The last part of the survey asked if there was anything else participants wanted to share. Almost 80% (n = 27) of the respondents wrote in something, a very high response rate to such an open-ended question. Answers fell into three main categories: protection of women (40.7% of responses included this topic), respect for women as leaders (29.6%), and the training and development of women (14.8%). Clearly there is a lot of concern about protection of women in general and of women pastors in particular. Three other respondents mentioned something quite specific, but difficult to interpret. They cited concern about women who had become pregnant as a result of sexual misconduct, and hoped that the church would step in to help raise the children. It is not clear whether these pregnancies were the result of assault by strangers, or forced sex with a spouse or someone else known to the woman. It is also not clear why they would not be able to care for their children. Are those children, if born to unknown or unacknowledged fathers, stigmatized in their communities? Do these women lose custody of the children to the fathers? Do the women fall in status due to these pregnancies and then are stigmatized themselves, such that they cannot raise their children? Or is there concern that these women would seek abortions, to avoid having to raise these children? There are a number of possible interpretations, but what is clear, when combined with the primary concern noted above around protecting women, is widespread concern for women’s safety and the safety of their children. And in response, it is hoped that the church will be a site of safety and protection, and that women should be respected as leaders in that work. One respondent summarized it this way: “Women must be respected; they are not only there to have children.”

 

Appendix

General Commission on the Status and Role of Women

Sexual harassment is commonly defined as harassment in a workplace, or other professional or social situation, involving the making of unwanted sexual advances or obscene remarks.

The following survey is designed to measure sexual harassment and determine the effects it has on individuals. You are free to skip any questions, although complete surveys are the most useful for analysis. All responses are anonymous and data will only be reported in the aggregate.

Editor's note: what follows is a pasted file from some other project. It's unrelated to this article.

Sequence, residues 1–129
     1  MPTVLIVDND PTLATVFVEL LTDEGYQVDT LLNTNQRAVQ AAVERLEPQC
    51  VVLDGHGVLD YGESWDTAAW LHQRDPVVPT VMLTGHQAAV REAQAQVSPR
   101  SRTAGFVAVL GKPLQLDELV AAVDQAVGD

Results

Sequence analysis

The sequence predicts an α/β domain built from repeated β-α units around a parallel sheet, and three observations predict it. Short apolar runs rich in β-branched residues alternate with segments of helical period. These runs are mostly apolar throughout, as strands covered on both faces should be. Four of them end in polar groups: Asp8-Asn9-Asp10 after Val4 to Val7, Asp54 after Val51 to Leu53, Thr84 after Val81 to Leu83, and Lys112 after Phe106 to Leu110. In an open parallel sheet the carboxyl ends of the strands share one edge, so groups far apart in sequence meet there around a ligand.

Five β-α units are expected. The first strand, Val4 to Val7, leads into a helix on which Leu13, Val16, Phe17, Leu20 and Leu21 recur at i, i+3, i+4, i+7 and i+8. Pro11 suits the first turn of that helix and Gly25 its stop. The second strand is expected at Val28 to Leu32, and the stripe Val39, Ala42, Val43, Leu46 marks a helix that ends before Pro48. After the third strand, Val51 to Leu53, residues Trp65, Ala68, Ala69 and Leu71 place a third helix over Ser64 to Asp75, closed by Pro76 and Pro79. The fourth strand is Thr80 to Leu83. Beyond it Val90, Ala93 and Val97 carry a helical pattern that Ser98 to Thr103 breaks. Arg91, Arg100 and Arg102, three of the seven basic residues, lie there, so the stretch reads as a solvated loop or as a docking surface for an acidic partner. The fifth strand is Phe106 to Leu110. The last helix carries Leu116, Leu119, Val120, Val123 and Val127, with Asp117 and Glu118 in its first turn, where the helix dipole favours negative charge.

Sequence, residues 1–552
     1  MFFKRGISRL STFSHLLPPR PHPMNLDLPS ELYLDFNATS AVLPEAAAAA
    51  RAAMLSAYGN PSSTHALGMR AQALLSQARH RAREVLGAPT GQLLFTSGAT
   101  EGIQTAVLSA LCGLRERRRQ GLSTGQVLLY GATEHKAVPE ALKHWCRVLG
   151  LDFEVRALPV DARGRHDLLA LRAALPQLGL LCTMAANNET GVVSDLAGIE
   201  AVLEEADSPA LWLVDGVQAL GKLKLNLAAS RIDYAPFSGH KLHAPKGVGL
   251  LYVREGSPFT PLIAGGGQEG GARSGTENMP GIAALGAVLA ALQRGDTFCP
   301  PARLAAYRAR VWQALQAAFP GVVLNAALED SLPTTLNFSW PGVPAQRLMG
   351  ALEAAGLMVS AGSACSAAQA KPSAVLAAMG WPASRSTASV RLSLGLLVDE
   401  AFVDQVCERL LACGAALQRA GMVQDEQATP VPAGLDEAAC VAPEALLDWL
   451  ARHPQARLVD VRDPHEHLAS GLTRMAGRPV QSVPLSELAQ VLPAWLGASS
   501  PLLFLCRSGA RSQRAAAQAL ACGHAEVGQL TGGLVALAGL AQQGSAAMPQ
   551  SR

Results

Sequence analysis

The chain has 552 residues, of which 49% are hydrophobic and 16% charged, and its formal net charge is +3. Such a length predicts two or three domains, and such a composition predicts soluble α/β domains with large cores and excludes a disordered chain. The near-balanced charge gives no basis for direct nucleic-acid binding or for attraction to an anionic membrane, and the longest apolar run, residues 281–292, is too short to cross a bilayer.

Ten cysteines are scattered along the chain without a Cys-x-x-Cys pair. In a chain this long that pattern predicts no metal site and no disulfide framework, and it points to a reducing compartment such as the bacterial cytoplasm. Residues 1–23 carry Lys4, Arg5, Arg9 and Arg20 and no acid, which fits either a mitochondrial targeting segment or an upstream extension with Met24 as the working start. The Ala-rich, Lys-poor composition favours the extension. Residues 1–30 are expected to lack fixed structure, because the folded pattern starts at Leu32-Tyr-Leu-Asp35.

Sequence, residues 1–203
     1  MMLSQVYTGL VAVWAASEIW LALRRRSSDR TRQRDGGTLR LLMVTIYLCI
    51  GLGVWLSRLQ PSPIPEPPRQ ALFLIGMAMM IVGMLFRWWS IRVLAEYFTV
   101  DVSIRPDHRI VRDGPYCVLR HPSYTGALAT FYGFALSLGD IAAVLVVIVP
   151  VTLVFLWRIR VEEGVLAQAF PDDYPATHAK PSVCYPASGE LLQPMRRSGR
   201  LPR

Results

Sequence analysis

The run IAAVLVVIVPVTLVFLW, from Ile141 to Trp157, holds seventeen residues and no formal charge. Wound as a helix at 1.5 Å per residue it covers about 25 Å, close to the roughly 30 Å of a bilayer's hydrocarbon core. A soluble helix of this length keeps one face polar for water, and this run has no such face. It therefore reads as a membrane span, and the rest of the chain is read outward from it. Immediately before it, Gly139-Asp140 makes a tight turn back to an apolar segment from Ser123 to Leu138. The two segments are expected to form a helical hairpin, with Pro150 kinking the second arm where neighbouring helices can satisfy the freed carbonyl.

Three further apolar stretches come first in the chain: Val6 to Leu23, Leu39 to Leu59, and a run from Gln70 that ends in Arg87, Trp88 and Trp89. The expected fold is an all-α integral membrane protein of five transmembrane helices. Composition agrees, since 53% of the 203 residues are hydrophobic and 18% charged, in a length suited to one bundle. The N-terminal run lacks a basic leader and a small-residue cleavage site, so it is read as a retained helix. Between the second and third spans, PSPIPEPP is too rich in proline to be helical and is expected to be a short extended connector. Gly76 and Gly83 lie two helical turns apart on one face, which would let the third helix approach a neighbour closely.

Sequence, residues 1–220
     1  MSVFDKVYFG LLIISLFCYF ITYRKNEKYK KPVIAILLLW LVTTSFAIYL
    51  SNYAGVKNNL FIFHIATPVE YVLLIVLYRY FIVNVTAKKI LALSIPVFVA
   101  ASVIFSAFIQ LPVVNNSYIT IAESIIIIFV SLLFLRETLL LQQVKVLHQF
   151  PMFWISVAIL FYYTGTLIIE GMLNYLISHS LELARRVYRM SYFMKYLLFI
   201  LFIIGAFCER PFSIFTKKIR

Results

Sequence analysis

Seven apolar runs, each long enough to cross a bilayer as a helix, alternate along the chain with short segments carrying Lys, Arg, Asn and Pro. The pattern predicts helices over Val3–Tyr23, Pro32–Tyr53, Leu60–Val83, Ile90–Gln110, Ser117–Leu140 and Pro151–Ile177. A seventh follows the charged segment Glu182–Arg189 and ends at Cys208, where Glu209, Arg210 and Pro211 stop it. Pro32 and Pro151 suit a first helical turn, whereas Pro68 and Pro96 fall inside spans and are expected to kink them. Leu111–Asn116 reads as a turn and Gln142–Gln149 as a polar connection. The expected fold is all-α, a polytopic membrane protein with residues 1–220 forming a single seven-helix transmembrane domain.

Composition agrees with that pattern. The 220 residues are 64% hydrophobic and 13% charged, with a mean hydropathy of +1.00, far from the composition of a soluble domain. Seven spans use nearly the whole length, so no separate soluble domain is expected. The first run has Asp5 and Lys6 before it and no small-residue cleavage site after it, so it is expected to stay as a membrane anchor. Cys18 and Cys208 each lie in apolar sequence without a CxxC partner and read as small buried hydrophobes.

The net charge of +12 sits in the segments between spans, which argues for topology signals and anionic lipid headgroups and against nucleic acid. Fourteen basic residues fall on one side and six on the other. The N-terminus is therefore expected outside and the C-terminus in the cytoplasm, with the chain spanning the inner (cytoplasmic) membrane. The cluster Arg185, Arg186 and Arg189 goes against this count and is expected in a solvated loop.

Thank you so much for taking a few minutes to help make the UMC a safe and welcoming place for everyone.

Have you experienced any of the following unwanted sexual behaviors? (Check all that apply)

  • Looks and leers
  • Touching and closeness
  • Fondling or kissing
  • Comments or jokes
  • Mail, phone, or online messages
  • Minor Physical Aggression
  • Sexual assault
  • Other (please describe):

Where did this happen? (Check all that apply)

  • In the church
  • In the workplace
  • In the community
  • In school
  • At home
  • Other (please identify):

How did you respond? (Check all that apply) 

  • Avoided the person
  • Ignored the behavior
  • Told the person to stop
  • Told someone in authority
  • Threatened to tell someone
  • Asked for a transfer or quit
  • Sought medical help
  • Felt anxiety or depression
  • Other (please describe):

Are you aware of resources for reporting?

  • Yes (please name at least one):
  • No

How serious is the problem of sexual harassment/assault in your community?

  • Very serious
  • Fairly serious
  • Not too serious
  • Not serious at all

Do you believe the church can do something about this?

  • Yes (if possible, name at least one thing):
  • Not sure
  • No

I am :

  • Female
  • Male

I am:

  • Clergy
  • Lay

I am:

  • Under 30 years old
  • 30-49 years old
  • 50-69 years old
  • 70 or older

My Annual Conference is in:

  • Africa
  • Europe
  • the Philippines

 

My Annual Conference is:

Is there anything else you’d like to share with the Commission on the Status and Role of Women of the United Methodist Church?